4. Rethink Gift-Giving.
Great-grandma is right, things have gotten out of hand. In her day children looked forward to gifts such as a fresh orange, maybe a piece of candy, and if they were lucky a toy or useful gift like a pocketknife or sewing kit. Historian Howard Chudacoff writes in Children at Play: An American History that most toys co-opt and control play. A child is better off with free time and objects he or she can use to fuel imagination (yes, a cardboard box).
I admit things got out of hand in my own house. In a quest for meaning (let’s rephrase that to my quest for meaning) we’ve always had handmade holidays. I’m one of those annoying people. Meals from scratch, hand crafted gifts, organic cookies that are frightening dark due to buckwheat flour. Each of my four children made gifts for everyone every year, gifts that took substantial effort such as woodworking, felting, and ceramics. My kids still make some of the gifts they give although I’ve stopped putting myself in charge of coming up with the ideas and supervising the process.
The last few years economic realities have made handmade and useful gifts ever more necessary for many of us. Thankfully there are solutions. Choose gifts from socially responsible vendors, non-profit sources, and directly from artisans. And take heart, studies show experiences brings more lasting pleasure than possessions. That’s a great reason to steer your holiday dollars toward gifts of theater tickets, museum passes, unusual lessons, local restaurants, and other experience-based gifts.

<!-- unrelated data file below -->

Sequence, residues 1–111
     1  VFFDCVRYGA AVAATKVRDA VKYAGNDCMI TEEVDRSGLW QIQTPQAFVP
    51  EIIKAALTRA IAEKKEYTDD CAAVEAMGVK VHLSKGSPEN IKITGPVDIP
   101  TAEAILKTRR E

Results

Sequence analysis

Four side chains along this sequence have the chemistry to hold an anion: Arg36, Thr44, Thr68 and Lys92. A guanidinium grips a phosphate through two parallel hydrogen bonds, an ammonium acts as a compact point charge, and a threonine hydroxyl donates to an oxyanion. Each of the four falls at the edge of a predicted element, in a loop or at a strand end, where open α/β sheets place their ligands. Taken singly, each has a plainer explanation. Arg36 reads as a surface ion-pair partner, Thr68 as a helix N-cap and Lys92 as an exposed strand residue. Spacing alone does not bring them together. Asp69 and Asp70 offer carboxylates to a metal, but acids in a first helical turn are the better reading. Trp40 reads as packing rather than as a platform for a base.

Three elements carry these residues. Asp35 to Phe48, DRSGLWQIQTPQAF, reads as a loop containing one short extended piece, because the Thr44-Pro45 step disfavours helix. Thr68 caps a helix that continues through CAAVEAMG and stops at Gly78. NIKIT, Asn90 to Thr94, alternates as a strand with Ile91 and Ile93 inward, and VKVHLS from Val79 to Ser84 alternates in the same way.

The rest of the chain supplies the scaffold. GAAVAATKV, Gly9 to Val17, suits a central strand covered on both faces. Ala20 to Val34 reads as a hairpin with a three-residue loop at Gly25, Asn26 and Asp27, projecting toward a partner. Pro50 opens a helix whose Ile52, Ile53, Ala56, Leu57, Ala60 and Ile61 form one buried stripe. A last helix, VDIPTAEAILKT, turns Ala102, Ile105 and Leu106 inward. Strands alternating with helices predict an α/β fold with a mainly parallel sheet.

5. Last Resort.
This tactic is heavy duty, the one I bring out when I start to feel sorry for myself. Because we’re not crazy busy in comparison to women throughout history. We think we’re stressed? Our foremothers hauled water; carded, spun and sewed clothes; chopped firewood and maintained the stove they cooked on; ground grain and made bread each day; planted and weeded gardens, then canned and dried the harvest; stretched limited food reserves with careful planning to last; cared for babies, children and the elderly with no professional help; treated the sick, stitched wounds and prepared the dead for burial. You get the idea.
Worse, many women in today’s world still do this sort of grinding labor each day. Typically, women in developing countries work 17 hours a day. Our sisters receive a tenth of the world’s income while performing two-thirds of the world’s work. These harsh realities put any concept of busy or stressed right out of my head. (For empowering information, check out the wonderful book Half the Sky: Turning Oppression into Opportunity for Women Worldwide.)
So fight the Crazy Busy Syndrome with all you’ve got. And if you aren’t on my list to get homemade buckwheat cookies, count your blessings.
About Laura Grace Weldon
Laura Grace Weldon is a writer, editor, conflict resolution educator, and marginally useful farm wench. She is the author of Free Range Learning: How Homeschooling Changes Everything. She lives with her family on Bit of Earth Farm. Check out life on the farm at http://bitofearthfarm.wordpress.com/ and keep up with Laura's relentless optimism at http://lauragraceweldon.com/blog-2/